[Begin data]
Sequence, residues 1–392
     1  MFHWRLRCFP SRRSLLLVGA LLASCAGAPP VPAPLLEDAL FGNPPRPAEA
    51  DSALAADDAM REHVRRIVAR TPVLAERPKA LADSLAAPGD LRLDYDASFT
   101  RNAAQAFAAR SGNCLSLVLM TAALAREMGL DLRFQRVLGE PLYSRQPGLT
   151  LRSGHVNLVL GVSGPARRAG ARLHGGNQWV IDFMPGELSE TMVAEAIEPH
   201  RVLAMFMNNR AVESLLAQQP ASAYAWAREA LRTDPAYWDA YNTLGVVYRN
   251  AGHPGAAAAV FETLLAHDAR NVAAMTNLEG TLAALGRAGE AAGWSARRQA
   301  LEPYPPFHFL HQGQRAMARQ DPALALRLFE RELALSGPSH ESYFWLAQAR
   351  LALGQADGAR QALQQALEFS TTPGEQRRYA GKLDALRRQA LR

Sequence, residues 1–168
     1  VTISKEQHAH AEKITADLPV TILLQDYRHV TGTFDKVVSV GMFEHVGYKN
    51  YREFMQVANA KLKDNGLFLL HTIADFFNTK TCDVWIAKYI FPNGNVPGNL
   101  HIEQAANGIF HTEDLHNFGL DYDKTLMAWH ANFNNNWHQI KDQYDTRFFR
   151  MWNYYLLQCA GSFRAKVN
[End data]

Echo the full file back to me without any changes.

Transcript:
Sequence, residues 1–392
     1  MFHWRLRCFP SRRSLLLVGA LLASCAGAPP VPAPLLEDAL FGNPPRPAEA
    51  DSALAADDAM REHVRRIVAR TPVLAERPKA LADSLAAPGD LRLDYDASFT
   101  RNAAQAFAAR SGNCLSLVLM TAALAREMGL DLRFQRVLGE PLYSRQPGLT
   151  LRSGHVNLVL GVSGPARRAG ARLHGGNQWV IDFMPGELSE TMVAEAIEPH
   201  RVLAMFMNNR AVESLLAQQP ASAYAWAREA LRTDPAYWDA YNTLGVVYRN
   251  AGHPGAAAAV FETLLAHDAR NVAAMTNLEG TLAALGRAGE AAGWSARRQA
   301  LEPYPPFHFL HQGQRAMARQ DPALALRLFE RELALSGPSH ESYFWLAQAR
   351  LALGQADGAR QALQQALEFS TTPGEQRRYA GKLDALRRQA LR

Sequence, residues 1–168
     1  VTISKEQHAH AEKITADLPV TILLQDYRHV TGTFDKVVSV GMFEHVGYKN
    51  YREFMQVANA KLKDNGLFLL HTIADFFNTK TCDVWIAKYI FPNGNVPGNL
   101  HIEQAANGIF HTEDLHNFGL DYDKTLMAWH ANFNNNWHQI KDQYDTRFFR
   151  MWNYYLLQCA GSFRAKVN